Yesterday Deutsche Telekom and Ericsson have switched on the first 5G standalone private network at the Center Connected Industry (CCI) at RWTH Aachen Campus. Together with other CCI members, the partners are working on new solutions for the factory of the future
“5G networks are particularly suited to industrial uses with demanding performance requirements,” says Antje Williams, SVP 5G Campus Networks, Deutsche Telekom. “To prepare a complete solution around 5G private networks, it is essential now to have testfields where our ecosystems partners, customers and device builders, can test their critical applications to ensure their success.” The end to end private network system is based on Ericsson‘s 5G standalone technology running in Deutsche Telekom’s 5G spectrum. The network is currently built as an indoor solution integrated with an autonomous logistics device to demonstrate possible industry use cases.
Center Connected Industry (CCI)
The CCI comprises of scientific institutions and industrial companies of many sizes and branches. Connectivity will be a key enabler to support industrial use cases and customers’ needs. Deutsche Telekom and Ericsson already set-up a dual slice campus network based on LTE last year. The collaboration in the CCI is focusing on the identification and development of new solutions and applications with the potential to increase productivity in customers’ industrial environment. Based on the use case requirements and specifications of customers, solution prototypes are being jointly tested and implemented in the CCI campus environment until they are ready for production. For this, the production environment of the customer can be simulated, thus enabling the efficient transfer of new solutions into the customers operations.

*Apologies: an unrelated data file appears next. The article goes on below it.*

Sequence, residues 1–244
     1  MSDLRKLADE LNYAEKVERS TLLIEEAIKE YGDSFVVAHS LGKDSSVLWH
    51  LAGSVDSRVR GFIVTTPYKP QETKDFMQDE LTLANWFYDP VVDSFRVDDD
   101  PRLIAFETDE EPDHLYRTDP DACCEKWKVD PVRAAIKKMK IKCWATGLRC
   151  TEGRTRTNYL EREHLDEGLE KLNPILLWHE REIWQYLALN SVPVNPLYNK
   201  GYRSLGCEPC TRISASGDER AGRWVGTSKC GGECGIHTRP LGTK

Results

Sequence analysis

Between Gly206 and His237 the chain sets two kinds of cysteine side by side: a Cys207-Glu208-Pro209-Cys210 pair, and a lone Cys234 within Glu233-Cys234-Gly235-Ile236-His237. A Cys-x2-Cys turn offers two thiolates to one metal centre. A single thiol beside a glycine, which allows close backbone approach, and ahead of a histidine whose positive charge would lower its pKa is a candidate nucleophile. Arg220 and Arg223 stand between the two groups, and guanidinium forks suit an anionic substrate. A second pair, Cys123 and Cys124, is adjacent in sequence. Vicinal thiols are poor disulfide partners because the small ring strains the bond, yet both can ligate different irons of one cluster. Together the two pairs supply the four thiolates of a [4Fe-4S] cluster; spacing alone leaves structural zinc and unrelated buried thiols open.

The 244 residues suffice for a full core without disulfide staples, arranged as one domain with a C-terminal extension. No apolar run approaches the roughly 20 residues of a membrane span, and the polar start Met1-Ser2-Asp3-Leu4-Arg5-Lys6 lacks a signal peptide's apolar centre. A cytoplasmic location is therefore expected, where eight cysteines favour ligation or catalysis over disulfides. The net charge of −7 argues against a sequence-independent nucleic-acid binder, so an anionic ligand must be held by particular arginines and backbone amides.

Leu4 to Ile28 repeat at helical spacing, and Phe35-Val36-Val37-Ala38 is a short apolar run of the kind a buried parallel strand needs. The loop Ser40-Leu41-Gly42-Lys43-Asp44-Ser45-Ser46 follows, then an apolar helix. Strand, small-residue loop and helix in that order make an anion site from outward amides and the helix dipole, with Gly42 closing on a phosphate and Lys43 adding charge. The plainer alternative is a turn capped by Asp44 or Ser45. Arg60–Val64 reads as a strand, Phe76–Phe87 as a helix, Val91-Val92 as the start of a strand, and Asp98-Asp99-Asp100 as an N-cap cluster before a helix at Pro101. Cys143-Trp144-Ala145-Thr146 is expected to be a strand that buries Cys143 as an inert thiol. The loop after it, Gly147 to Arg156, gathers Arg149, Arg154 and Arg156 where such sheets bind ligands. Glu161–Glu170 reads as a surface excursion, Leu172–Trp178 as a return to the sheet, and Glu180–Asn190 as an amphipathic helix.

5G standalone Campus Networks
The 5G standalone private network provides dedicated connectivity on the campus area, as it is completely independent from the public network. The network server, standalone core and radio system are all located on the campus. Therefore, the data in the private network never leaves the campus area.
The 5G standalone architecture is best suited to support mission-critical applications that require an ultra-short response time. In the 5G standard these applications are described as uRLLC applications. The abbreviation stands for “Ultra-Reliable and Low-Latency Communication” and describes extremely time-critical applications with the lowest latency time of e.g. only 1 millisecond. These are services that require the shortest response times and must not fail.
After an initial trialing phase at the CCI campus Ericsson and Telekom will prepare first deployments for evaluations on customer sites later this year.